The cost and availability of capital for investing in clean energy transitions is a crucial aspect of the ability of EMDEs to meet sustainable development goals. Although EMDEs account for around 40% of energy investments and emissions reductions under IEA climate-driven scenarios, they currently hold only 10% of global financial wealth. Improving the domestic ecosystem for investing in clean energy, while addressing risks and barriers that shape access to foreign capital, will be critical.

Indicative sources of primary finance for energy investments in emerging market and developing economies in climate-driven scenarios, 2026-2030


Energy investments in EMDEs today rely heavily on public sources of finance. However, in IEA climate scenarios over 70% of clean-energy investments - mostly renewables and efficiency - are privately financed. Public actors, including SOEs, are key for grids and transitions for emissions-intensive sectors. The catalytic role of development finance institutions, through blended finance, will be critical to attract capital to markets and sectors at early stages of readiness, or with hard-to-mitigate risks.

While clean energy transitions rely on much higher levels of both equity and debt, the capital structure of investments is likely to move towards more debt. This stems from the shift from investment in fuels to the electricity and end-use sectors, as well as the higher fixed element in the cost and revenue structure of the underlying assets. While most energy investments are funded from company and consumer balance sheets, off-balance sheet financing structures, which typically involve higher degrees of leverage, play an increasingly important role in extending the capacity of developers to fund clean energy projects under IEA climate-driven scenarios.

Mobilising clean energy investment will depend on enhancing finance from local sources as well as international providers. Foreign capital is likely to increase the most in directly financing renewable power. While consumer-based investments, as in end-use and efficiency, and those more reliant on SOEs, as in fuel supply and electricity grids, rely heavily on domestic capital, the importance of foreign sources of capital in funding projects, companies and financial intermediaries rises in these areas as well.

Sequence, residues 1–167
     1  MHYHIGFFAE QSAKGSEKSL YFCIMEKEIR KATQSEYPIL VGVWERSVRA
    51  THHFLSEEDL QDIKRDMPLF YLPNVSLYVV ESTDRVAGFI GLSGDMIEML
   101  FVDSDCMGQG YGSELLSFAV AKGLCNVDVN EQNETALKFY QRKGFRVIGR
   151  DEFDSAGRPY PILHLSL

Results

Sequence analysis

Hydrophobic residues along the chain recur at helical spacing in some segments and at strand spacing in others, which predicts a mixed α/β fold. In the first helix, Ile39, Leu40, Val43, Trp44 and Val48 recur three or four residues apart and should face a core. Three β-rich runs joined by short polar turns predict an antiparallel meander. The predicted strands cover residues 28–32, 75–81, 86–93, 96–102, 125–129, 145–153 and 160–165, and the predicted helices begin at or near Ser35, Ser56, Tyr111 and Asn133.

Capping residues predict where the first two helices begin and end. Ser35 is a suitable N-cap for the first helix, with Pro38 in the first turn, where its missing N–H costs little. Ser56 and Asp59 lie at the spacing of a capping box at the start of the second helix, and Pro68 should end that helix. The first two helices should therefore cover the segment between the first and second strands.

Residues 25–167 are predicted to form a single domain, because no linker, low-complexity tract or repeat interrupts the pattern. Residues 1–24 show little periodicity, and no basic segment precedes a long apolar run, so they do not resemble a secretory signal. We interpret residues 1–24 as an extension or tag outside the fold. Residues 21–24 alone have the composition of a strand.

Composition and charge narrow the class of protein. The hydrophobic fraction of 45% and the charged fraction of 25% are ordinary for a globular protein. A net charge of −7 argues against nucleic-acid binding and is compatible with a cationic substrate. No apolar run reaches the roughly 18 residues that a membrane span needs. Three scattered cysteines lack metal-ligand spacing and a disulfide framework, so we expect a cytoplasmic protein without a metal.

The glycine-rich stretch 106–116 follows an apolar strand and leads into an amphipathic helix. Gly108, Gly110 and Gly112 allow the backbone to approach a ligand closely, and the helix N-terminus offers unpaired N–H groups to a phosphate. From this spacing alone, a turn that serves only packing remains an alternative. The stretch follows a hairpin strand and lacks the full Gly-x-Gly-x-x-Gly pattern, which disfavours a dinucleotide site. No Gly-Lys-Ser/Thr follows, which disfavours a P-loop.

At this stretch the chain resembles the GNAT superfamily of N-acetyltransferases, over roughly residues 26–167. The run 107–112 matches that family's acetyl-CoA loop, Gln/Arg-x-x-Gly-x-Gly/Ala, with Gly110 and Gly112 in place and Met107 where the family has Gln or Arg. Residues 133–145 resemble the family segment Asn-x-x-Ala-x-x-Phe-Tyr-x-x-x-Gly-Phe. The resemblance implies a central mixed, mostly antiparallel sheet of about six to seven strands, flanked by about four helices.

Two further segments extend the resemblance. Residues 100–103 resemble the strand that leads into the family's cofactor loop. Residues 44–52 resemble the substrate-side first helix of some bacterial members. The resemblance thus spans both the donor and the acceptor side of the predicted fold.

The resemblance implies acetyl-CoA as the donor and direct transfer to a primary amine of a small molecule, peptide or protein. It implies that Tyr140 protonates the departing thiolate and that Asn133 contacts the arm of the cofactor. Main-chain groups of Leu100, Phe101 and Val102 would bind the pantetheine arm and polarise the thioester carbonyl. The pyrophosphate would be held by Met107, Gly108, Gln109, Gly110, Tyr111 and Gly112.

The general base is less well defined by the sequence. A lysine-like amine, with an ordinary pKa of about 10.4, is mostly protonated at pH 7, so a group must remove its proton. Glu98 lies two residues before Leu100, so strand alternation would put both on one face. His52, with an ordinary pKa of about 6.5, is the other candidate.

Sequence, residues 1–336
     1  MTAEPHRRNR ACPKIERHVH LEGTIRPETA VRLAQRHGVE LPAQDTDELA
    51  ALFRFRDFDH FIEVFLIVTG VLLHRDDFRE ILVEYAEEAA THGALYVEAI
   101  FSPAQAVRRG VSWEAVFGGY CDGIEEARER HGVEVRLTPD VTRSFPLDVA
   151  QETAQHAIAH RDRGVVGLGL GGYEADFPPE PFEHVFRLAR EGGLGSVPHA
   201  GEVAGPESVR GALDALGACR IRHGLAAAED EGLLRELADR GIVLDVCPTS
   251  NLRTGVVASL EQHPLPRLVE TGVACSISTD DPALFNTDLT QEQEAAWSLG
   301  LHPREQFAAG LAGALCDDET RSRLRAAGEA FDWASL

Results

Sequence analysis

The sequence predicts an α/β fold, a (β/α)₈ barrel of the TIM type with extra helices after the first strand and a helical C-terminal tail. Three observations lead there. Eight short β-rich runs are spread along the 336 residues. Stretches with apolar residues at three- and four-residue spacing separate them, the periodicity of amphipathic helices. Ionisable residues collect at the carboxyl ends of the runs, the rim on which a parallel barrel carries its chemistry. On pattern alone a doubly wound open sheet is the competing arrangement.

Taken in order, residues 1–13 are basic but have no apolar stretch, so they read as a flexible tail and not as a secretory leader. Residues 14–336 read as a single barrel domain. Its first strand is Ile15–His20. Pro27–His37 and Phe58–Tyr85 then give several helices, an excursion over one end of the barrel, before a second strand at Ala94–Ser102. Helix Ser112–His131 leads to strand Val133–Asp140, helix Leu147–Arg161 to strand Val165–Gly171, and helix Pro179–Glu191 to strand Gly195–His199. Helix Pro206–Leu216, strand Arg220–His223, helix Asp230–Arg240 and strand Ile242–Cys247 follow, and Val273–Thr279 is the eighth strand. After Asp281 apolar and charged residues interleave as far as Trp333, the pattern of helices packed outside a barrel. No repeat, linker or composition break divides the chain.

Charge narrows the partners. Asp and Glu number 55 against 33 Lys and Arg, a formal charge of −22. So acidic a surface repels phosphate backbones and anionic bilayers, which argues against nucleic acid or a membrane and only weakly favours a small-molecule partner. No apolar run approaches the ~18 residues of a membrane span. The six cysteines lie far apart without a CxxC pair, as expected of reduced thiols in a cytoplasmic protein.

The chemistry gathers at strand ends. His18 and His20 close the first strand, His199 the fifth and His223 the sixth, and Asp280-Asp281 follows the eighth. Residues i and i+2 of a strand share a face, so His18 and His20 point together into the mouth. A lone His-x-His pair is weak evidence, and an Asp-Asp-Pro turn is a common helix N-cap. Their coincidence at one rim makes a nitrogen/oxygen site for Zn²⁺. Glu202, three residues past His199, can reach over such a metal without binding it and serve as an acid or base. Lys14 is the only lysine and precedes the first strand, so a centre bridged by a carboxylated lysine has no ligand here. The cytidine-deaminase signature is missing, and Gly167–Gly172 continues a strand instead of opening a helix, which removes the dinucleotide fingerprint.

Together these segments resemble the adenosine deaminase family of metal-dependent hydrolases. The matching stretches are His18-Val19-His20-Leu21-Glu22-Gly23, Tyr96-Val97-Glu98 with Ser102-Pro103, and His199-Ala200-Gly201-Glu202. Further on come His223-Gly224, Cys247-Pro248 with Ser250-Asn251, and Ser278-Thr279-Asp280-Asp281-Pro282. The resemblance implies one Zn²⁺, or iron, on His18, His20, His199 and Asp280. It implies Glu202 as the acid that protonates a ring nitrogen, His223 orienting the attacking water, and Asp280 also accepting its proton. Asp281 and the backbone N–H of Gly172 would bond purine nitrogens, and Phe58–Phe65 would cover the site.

While global capital is abundant, attracting finance hinges on addressing cross-cutting factors that hinder investments in EMDEs. The economy-wide cost of capital is higher in EMDEs than advanced economies. Economy-wide nominal financing costs in EMDEs range some 700 to 1 500 basis points - up to seven times - above values for the United States and Europe, with higher levels in riskier segments. This points to relatively high bar for investments in accessing debt finance and meeting equity return hurdle rates.

EMDEs face heightened macroeconomic risks and domestic capital constraints. Over 90% of EMDE investment needs are in countries with underdeveloped banking and capital markets. Debt burdens are on the rise in a number of economies, and EMDEs have not sufficiently mobilised resources for sustainable recovery. Domestic savings are unevenly distributed across regions, while currency risks and restrictions on direct investment can dissuade foreign investors, especially in developing economies.

Today’s policy settings in EMDEs do not provide a trajectory for emissions reductions or access to energy that achieves sustainable development goals. Actions to unlock higher levels of long-term local currency debt, and equity for riskier projects, develop and enhance learning for financial intermediaries, channel institutional capital – including through public funds – and develop international partnerships are critical.

Cross-cutting investment issues can be better addressed through policy predictability, setting clear and ambitious clean energy strategies and good governance. Getting price signals right and addressing contractual, licencing and land acquisition issues are key for jump-starting projects. Enhancing the financial performance of SOEs, empowering new businesses and SMEs, and aligning strategies with transition pathways is critical. EMDEs have an opportunity to integrate sustainability in financial systems with clear taxonomies and rules for disclosure and risk assessment.

Stronger international efforts are also needed. Realising the commitment by advanced economies to mobilise $100 billion per year in climate finance is a critical starting point. The COP26 is an opportunity to boost the catalytic role of public finance with stronger mandates and boosting and improved delivery of international climate finance. Aligning capital markets with net zero goals risks excluding EMDEs with higher-carbon footprints or sectors with more challenging transition pathways. Initiatives could better target EMDEs and sustainable development more widely.